Reset failcounter using event handlers

An attacker could try to brute force the token of a user. This is why privacyIDEA uses a failcounter that increases on each failed authentication request. If the failcounter reaches a maximum value, authentication requests are blocked.

Event handlers are really very flexible and provide you with a lot of possibilities, we did not think of, when we developed them. In this blog post we show you, how you can use event handlers to reset this failcounter.

To do so, we use two event handlers. The first one we call “Write Authentication” the second one “Reset Failcounter”.

First event handler to store the authentication date

The first event handler stores the date when the failcounter is allowed to be reset again. It does this on every authentication request. I.e. each authentication request pushes a blocked token forward in time. An attacker would increase this date of the token even while the token is blocked. (You could change this behavior by adding more logic to the event handler).

The event handler “Write Authentication” is a token handler and does not need any additional conditions. It is important that you provide a higher order to this event handler. In this case we set the “Order” to “2”.

The Actions of the event handler look like this:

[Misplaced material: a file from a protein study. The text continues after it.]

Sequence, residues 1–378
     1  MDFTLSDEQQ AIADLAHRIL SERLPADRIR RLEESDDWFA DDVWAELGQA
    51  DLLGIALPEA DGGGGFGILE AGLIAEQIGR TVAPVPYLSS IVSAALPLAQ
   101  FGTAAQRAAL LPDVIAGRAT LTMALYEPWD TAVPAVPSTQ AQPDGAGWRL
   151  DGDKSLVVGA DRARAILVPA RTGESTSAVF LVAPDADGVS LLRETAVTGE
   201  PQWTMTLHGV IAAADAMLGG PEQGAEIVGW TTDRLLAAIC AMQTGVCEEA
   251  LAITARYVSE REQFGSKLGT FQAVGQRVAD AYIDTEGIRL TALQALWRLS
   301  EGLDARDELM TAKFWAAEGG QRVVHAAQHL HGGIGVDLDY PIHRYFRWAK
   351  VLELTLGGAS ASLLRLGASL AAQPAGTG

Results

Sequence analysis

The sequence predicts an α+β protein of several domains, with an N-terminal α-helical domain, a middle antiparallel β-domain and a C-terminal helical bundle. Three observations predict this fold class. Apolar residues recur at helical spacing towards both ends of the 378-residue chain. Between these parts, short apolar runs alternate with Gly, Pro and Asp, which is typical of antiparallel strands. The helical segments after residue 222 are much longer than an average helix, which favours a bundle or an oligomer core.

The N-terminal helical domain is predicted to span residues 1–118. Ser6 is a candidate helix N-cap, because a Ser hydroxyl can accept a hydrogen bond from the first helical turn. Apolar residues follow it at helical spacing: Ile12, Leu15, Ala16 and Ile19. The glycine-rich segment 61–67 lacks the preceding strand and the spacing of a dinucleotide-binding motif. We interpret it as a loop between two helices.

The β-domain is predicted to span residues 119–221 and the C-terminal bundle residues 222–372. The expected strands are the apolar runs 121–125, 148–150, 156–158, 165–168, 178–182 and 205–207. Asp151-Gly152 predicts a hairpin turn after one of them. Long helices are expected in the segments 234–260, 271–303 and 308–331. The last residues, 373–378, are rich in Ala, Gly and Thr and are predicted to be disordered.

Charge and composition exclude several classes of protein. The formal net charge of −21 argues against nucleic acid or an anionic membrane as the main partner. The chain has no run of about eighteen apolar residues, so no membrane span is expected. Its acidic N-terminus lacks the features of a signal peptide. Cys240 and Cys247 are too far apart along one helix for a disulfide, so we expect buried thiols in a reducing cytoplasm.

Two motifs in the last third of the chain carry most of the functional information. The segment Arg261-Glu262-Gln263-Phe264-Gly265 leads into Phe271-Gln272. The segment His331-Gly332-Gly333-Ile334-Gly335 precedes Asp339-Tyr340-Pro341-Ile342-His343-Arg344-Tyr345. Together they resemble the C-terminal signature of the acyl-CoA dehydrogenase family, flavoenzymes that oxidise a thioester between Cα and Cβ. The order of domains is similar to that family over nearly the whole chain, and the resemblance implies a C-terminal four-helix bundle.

This event handler sets a “tokeninfo” entry on each authentication request. The key of the tokeninfo is “allow_counter_reset”. The value is the current time (“{now}”) plus certain minutes. So this is a timestamp in the future, when the failcounter should be allowed to reset.

Second event handler to reset the failcounter

The second event hanlder is actually ment to reset the failcounter.

Note, that the order (priority) must have a lower value than the first event handler. This way this reset event hanlder gets executed before the event handler, that sets the timestamp!

The conditions of this event handler now check for the timestamp we set in the first event handler:

This event handler will trigger, if the token is locked (the failcounter has reached the maximum value) and the tokeninfo “allow_counter_reset” lies in the past. I.e. the specified minutes in the first event handler are actually over.

The action of this event handler simply resets the fail counter:

Effective behaviour

An authentication request, that occurs after the specified time will actually reset the failcounter. But since this event handler can only be executed after the authentication request, an authentication request with a valid OTP value will reset the failcounter, but it will not succeed, since the request has already been handled.

Thus a user has to authenticate twice to first unlock the token and then to actually successfully authenticate.